Pros Dish on Who Can Win and Who Can’t
Candid and catty comments about the field at Augusta.
Oonly 50 players have won the previous 80 Masters tournaments. Only 32 of them are still with us. And only 19, some of them playing ceremonially, are expected to tee it up April 6-9 at Augusta National. Which means a lot of players—including Jason Day, Rory McIlroy, Dustin Johnson, Henrik Stenson, Rickie Fowler, Sergio Garcia, Justin Rose and many more—are still trying to figure out how to earn a green jacket. Then there’s Tiger Woods, who is trying to figure out how to win his fifth (but his first in a dozen years).
Who’s got what it takes, and who doesn’t? What are their strengths, and what’s holding them back? To get the answers, Golf Digest interviewed dozens of players, caddies, coaches and other keen observers for candid observations on past champions and those who are still trying to break through. Our interviewees didn’t hold back.
“Ilook at all the top players, and every one of them has a flaw. The question is, how big is the flaw, and how do they make it less of one for that week? Every guy is clearly talented enough to win. Are you going to tell me Jason Day or Rory McIlroy or Justin Rose aren’t going to win the Masters? Rickie Fowler? Jon Rahm, eventually? Patrick Reed? Dustin Johnson could still win two or three. But they all have their issues. Or maybe it’s just that they don’t play to their strengths as well to make up for the weaknesses. Adam Scott won a Masters, and he’s a terrible putter—well, he’s below average. But his ball-striking is so good, and those weeks he’s really on hitting the ball, he only has to be a below-average putter to win.” . . . “People these days learn golf on the range, not on the course, and we’re seeing the results of that at the top level. Everyone learns how to hit it rather than how to play, which is not how to play Augusta. Seve learned how to play with one club, and not many played the Masters better than he did. To me, only Phil, Bubba and Sergio learned how to play golf the right way. They play golf, not swing, which is the way to play Augusta. But it goes the other way, too. Tiger was a real golfer when he came on tour, but he ended up a scientist. Padraig Harrington, the same. Justin Rose, too. And Adam is a scientist with his short game. None of which helps them at Augusta. It isn’t a science course.”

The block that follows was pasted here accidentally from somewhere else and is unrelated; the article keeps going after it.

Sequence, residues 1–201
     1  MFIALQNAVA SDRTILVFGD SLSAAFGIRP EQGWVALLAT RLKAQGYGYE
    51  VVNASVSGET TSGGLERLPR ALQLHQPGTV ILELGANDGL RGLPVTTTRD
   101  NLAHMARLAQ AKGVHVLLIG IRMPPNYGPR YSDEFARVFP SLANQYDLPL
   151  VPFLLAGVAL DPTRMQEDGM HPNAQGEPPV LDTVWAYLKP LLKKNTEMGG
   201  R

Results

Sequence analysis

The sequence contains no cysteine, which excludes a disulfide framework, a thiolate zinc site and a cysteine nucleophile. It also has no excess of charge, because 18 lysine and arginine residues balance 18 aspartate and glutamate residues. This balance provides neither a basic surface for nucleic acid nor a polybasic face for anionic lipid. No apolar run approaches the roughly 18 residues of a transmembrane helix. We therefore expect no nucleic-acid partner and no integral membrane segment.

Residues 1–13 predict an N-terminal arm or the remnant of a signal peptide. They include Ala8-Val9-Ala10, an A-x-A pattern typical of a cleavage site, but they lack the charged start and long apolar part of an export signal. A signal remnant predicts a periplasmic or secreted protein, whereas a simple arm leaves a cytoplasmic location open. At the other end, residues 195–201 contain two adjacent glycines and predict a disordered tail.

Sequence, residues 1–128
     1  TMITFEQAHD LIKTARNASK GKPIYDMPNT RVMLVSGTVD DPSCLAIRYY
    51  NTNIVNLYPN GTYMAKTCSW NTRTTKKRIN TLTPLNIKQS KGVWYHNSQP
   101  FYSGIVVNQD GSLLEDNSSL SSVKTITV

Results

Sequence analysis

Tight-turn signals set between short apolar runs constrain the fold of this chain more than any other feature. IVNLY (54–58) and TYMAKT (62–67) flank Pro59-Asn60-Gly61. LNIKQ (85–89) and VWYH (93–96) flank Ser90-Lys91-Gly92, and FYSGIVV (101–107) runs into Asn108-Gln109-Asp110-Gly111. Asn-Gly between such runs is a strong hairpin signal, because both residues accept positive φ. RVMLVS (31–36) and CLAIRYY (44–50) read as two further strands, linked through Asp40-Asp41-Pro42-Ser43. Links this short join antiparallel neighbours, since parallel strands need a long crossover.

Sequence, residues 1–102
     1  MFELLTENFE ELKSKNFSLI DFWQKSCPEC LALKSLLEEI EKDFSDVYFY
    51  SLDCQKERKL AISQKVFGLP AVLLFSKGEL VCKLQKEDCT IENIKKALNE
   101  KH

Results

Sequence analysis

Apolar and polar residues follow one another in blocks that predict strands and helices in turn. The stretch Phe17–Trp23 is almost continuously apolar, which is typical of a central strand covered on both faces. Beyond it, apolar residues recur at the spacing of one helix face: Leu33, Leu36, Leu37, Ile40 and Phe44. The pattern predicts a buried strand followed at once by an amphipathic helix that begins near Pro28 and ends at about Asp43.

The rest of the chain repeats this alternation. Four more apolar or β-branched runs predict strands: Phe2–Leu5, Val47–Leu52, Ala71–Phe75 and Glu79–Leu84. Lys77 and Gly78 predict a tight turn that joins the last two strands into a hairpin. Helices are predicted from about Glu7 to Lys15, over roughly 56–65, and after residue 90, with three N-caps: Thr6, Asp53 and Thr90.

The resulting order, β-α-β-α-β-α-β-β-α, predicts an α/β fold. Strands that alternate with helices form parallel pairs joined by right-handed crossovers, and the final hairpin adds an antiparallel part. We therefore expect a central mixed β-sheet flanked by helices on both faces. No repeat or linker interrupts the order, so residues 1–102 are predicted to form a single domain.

bombers vs. short hitters